Thank both of you for your advice.  Looking at your logs, I can tell I'm not anywhere near the athletes you are.  While I do plan to qualify for Boston one day, its a very long term goal.  I wouldn't mind if it happened ten years from now; when I'm older and it's easier to qualify.  You can tell from my log that I don't have the miles and have not even run a full marathon yet.  It's still a dream at this point.  In the mean time I just want to keep enjoying both.  This year I've been concentrating on lifting, but I have a half in late October that I will be ramping up for.  We'll see how much of the lifting I will be able to fit in when I get up to 30-35 miles a week.  Sounds like the answer is no *heavy* lifting, but some moderate weights will be ok.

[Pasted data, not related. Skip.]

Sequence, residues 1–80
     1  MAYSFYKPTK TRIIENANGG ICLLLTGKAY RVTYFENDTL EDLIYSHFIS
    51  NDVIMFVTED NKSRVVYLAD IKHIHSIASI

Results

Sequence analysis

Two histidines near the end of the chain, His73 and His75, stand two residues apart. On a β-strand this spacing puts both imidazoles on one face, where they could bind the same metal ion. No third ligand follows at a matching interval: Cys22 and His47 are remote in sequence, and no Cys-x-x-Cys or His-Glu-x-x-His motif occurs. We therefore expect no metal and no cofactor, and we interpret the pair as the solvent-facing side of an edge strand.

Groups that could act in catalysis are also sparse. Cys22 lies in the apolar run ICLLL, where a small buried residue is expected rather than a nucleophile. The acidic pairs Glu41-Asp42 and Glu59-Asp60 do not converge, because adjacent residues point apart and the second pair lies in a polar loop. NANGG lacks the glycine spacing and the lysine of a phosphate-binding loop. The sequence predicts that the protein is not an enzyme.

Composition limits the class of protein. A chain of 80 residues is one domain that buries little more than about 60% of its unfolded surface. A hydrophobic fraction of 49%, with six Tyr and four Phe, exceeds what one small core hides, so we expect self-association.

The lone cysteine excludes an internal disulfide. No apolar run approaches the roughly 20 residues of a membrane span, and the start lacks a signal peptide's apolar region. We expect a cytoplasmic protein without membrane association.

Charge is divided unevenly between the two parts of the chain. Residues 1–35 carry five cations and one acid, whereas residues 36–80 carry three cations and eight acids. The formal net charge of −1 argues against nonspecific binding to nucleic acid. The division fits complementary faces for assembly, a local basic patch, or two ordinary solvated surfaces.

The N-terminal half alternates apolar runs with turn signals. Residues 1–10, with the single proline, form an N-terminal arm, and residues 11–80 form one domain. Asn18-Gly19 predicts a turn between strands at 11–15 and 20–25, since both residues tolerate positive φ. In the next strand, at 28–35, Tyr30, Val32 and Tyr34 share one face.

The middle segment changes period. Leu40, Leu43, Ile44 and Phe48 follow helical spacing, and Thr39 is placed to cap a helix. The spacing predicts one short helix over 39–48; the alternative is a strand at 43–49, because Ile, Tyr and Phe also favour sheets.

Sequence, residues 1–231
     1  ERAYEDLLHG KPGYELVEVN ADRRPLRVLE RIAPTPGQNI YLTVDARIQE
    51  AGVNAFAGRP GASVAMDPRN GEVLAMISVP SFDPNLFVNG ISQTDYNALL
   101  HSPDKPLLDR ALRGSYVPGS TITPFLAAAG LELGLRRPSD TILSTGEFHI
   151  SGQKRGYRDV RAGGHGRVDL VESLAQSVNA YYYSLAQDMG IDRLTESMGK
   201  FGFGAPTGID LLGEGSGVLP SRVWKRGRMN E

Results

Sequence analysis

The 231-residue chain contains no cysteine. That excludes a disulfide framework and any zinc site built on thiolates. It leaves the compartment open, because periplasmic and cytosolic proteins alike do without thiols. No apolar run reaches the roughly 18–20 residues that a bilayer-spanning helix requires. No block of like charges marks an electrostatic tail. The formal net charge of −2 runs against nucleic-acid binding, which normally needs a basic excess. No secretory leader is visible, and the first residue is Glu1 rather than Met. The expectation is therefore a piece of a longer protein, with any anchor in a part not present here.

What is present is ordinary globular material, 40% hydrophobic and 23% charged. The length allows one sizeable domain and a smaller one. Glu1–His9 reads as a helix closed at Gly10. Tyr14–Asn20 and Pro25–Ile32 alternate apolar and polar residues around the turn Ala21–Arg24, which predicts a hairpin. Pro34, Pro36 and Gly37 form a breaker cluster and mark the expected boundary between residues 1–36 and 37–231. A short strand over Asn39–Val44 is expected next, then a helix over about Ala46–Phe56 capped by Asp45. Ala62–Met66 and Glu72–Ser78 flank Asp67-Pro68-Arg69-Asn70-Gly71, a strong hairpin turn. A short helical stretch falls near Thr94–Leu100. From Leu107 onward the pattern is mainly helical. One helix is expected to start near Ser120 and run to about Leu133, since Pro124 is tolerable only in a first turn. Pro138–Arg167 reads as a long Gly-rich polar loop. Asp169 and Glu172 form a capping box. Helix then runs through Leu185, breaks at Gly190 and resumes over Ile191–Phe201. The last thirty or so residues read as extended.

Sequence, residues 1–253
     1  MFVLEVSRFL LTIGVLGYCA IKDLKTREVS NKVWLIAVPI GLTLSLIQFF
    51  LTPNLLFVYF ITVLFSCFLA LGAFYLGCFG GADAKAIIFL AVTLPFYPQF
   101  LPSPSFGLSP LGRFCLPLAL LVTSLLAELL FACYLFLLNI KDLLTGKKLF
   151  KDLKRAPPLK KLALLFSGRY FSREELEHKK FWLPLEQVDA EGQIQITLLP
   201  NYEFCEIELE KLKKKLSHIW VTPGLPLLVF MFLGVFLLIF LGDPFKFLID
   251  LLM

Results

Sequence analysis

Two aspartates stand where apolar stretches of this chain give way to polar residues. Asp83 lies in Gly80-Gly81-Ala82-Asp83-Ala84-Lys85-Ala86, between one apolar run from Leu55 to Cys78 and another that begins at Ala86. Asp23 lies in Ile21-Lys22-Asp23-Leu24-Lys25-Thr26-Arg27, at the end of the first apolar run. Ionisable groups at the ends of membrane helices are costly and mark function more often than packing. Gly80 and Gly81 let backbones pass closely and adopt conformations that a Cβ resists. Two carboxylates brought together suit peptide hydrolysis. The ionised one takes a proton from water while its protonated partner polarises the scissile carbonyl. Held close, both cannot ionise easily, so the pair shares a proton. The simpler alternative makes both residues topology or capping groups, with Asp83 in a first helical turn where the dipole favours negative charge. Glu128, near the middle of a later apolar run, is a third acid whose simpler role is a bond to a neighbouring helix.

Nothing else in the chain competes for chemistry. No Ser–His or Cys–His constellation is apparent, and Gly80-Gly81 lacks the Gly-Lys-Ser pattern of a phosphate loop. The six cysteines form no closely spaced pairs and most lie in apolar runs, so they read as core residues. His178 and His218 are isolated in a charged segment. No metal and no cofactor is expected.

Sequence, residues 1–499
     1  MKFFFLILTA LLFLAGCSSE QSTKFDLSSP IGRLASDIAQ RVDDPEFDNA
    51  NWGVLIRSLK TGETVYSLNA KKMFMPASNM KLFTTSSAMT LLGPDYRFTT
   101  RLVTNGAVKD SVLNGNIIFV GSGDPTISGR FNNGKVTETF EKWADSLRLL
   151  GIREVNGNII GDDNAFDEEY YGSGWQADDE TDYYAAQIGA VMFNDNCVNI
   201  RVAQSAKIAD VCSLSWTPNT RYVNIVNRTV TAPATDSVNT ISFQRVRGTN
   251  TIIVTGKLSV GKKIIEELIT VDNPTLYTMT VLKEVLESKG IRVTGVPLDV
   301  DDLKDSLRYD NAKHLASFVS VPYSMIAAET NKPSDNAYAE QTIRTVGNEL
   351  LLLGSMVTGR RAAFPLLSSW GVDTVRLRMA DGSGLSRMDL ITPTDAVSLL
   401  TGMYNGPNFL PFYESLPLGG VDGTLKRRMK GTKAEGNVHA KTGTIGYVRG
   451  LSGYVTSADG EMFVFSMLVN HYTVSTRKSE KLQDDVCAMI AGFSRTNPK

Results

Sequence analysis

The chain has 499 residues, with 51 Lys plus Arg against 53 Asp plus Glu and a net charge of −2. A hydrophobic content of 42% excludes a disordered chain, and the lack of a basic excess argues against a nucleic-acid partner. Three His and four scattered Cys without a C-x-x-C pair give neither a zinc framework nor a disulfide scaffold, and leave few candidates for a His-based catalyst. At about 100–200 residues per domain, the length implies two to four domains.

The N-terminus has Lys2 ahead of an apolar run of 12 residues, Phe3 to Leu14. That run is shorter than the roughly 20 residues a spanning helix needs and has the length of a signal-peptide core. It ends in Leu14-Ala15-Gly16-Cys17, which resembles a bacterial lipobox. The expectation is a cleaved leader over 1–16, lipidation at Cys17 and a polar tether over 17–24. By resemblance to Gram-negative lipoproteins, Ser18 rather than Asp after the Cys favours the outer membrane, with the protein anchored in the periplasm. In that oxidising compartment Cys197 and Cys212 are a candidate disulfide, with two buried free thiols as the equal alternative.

Marylander, please send me an example of your system.  The last few months I have been doing all three big lifts in one workout.  Ten sets each where I try to get a PR if I feel like I can.  I love the workout, but it destroys me.  If I only did that workout once a month, then maybe I could correlate that with an easy week in my running schedule and then get back to hard running the next week.

       

      Appreciate all the insight and advice!

      How can we know our limits if we don't test them?

          I wouldn't mind if it happened ten years from now; when I'm older and it's easier to qualify.  

         

        Yeah, good luck with that plan. Let me know how much easier it gets for you as you get older.